Sunday, December 09, 2007


Lutheran (LCMS) pastor Paul McCain today kindly (and I mean that) emailed me to let me know that I'm banned from commenting at his blog, noting that its not an open forum.

I replied that I appreciated him letting me know, but I also noted that I'm not sure what I said that he took issue with. In the last couple days, I've made three comments at his blog: one, here, wondering what his thoughts on Benedict's new encyclical Spe Salvi were; another, here, expressing concern (with him) about a Knight of Columbus who supposedly said, in regard to some relics of the Magi, "This is the closest I'm going to get to God in my physical lifetime"; and a final comment back at the first post I'd commented on, trying to clarify to another commenter that almsgiving in the context of indulgences wasn't very different from his own understanding of almsigiving and its potential effect on our sanctification.

It's the final comment which I think got me banned, but I'm not really sure why. Pastor McCain stated that he's not inclined to feature folks who are "intent on promoting faulty understanding and error." Now, given that I was simply trying to clarify that Catholic teaching on indulgences & almsgiving, I'm not sure how I was doing so, but there you go. Based on prior interactions with Pastor McCain and the history of his blog, I am inclined to think that he simply isn't interested in having his preconceptions regarding Catholicism challenged: he's confident that he understands Catholic teaching, and he isn't interested in haven't his understanding questioned. Nor is he interested in entering into dialogue with Catholics in order to confirm that his understanding is in fact accurate.

C'est la vie. There are plenty of other Christians -- including Catholics -- with similar mindsets, and while I'm disappointed that Pastor McCain has no interest in ecumenical dialogue, I can't say that I'm that surprised... for many of us who take confessional orthodoxy seriously, it can be difficult to understand the point of ecumenical dialogue. So while I am saddened by his actions in banning me, I applaud Pastor McCain for desiring to promote Lutheran orthodoxy on his blog. I only hope that at some point he realizes that one can uphold one's orthodoxy while simultaneously dialoguing with those of differing confessions.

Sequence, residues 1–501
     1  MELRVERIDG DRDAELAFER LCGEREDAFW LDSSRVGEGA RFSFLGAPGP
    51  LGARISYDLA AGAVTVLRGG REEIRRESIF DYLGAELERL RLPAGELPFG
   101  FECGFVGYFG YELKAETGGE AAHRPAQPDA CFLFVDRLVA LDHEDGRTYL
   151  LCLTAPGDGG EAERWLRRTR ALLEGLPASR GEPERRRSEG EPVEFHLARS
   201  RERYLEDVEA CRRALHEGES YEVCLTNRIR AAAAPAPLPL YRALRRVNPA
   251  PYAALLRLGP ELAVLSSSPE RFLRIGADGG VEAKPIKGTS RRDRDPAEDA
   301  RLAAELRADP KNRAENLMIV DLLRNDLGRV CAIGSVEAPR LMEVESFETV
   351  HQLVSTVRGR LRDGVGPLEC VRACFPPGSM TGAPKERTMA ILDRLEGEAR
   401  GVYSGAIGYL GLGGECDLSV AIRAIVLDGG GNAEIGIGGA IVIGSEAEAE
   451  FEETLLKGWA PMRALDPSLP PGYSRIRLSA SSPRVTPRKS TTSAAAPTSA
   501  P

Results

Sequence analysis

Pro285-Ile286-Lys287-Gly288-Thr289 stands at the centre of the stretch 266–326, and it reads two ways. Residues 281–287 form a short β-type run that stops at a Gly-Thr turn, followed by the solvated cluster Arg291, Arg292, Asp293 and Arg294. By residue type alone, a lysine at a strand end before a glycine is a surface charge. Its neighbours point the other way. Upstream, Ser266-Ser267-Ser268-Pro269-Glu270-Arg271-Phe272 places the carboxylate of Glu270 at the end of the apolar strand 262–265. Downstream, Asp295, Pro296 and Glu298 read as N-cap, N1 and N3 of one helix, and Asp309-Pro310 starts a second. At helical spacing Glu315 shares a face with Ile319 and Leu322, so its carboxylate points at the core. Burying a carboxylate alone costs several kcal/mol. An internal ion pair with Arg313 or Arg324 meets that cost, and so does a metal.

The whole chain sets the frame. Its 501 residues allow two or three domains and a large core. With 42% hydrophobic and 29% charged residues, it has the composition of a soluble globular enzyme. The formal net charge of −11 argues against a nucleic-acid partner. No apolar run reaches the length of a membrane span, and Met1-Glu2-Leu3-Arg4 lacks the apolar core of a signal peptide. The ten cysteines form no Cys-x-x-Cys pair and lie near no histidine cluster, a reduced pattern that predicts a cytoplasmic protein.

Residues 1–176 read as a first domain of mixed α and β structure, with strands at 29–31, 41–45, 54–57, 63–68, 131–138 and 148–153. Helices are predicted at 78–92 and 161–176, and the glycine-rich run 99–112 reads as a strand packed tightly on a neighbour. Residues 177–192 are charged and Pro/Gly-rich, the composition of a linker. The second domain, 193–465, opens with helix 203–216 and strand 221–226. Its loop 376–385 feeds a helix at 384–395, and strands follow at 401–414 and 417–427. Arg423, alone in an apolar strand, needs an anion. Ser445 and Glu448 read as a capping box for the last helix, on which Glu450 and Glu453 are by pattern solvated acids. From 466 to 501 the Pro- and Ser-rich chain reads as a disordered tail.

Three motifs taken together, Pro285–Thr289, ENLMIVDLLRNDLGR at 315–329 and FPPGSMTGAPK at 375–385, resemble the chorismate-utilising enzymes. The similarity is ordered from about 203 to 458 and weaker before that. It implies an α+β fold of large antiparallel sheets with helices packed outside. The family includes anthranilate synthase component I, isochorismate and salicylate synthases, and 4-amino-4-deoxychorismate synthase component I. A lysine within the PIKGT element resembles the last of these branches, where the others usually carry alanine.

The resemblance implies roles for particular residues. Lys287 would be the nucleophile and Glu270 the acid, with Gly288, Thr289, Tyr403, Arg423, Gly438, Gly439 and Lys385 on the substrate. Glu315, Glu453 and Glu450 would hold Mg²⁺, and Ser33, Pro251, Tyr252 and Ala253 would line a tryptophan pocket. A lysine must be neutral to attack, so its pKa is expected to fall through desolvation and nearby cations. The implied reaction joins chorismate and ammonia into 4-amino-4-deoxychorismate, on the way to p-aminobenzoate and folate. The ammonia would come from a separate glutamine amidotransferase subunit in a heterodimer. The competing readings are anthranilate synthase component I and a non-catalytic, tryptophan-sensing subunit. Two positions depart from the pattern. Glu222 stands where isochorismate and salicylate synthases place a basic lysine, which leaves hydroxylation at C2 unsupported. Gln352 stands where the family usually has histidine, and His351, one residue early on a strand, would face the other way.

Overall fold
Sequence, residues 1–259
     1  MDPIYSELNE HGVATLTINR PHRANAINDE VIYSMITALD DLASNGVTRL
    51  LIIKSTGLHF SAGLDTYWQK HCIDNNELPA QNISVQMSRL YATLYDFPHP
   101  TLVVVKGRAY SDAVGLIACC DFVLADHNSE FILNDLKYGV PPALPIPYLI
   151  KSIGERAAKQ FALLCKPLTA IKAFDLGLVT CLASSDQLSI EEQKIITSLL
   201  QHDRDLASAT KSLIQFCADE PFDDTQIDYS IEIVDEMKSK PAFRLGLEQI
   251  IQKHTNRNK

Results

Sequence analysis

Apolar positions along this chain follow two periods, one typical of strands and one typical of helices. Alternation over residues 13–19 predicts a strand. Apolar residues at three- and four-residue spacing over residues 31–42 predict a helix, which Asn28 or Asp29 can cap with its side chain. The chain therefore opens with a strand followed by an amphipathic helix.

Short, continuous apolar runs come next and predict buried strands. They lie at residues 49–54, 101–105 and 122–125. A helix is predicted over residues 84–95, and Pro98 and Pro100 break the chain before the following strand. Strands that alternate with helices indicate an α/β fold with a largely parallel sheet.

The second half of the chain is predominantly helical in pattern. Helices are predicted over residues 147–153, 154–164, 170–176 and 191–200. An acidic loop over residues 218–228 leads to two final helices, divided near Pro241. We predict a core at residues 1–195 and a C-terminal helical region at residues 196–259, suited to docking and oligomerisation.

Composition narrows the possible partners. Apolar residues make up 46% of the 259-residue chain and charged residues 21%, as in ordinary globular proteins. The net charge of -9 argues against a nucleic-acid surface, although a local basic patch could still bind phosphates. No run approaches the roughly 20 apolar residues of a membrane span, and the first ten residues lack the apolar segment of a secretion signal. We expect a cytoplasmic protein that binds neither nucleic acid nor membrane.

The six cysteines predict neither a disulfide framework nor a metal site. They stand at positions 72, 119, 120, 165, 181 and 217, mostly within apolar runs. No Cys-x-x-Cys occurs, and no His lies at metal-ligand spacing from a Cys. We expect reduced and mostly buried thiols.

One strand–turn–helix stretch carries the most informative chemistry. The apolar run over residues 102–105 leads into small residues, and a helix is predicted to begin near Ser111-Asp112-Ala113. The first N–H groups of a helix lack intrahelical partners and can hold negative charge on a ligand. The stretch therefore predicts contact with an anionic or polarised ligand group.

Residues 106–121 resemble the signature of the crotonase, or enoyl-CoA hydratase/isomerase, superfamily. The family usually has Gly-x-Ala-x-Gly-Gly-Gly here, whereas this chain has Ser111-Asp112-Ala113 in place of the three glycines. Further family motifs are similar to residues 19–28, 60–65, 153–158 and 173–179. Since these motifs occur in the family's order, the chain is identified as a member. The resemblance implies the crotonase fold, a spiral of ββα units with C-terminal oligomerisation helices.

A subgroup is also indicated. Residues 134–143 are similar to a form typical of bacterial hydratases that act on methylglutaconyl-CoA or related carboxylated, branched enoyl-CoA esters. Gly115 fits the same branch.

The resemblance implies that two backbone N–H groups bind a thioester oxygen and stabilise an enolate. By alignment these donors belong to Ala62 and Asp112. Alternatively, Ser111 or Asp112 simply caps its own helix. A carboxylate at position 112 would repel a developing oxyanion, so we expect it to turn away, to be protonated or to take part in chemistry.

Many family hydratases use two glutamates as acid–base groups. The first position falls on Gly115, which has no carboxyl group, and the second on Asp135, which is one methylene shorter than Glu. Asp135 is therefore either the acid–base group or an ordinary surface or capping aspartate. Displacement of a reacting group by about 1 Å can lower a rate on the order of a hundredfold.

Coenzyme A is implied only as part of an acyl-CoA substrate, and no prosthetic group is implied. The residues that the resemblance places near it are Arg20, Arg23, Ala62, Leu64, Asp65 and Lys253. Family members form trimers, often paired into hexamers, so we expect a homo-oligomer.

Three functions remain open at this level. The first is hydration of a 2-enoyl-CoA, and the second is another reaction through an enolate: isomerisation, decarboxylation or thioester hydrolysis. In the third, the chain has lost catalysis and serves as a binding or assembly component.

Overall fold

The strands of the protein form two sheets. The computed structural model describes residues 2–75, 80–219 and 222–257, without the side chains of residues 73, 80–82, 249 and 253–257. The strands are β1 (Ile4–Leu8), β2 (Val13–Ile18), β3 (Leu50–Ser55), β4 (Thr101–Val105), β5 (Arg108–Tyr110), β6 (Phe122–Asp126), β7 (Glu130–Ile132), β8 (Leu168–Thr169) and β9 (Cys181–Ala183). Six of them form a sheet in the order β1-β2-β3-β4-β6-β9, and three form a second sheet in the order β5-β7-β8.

Wednesday, December 05, 2007

Pope Benedict and the Jews

The First Things blog recently posted an article by Jewish scholar David Dalin on John Paul the Great and the Jews, extolling the late great pontiff for his relationships and engagement with the Jewish people, both on a personal and pastoral level.

In his conclusion, Dalin also makes reference to our current Bishop of Rome: "Pope Benedict XVI, like Pope John Paul II, is known to be a staunch friend of the Jewish people and the State of Israel and a vocal critic of anti-Semitism. [...] John Paul II was the heir and exemplar of a long a venerable philo-Semitic tradition within papal–Jewish relations, [!!!] a tradition of papal friendship and support for the Jewish people that has continued with John Paul II’s successor, Pope Benedict XVI."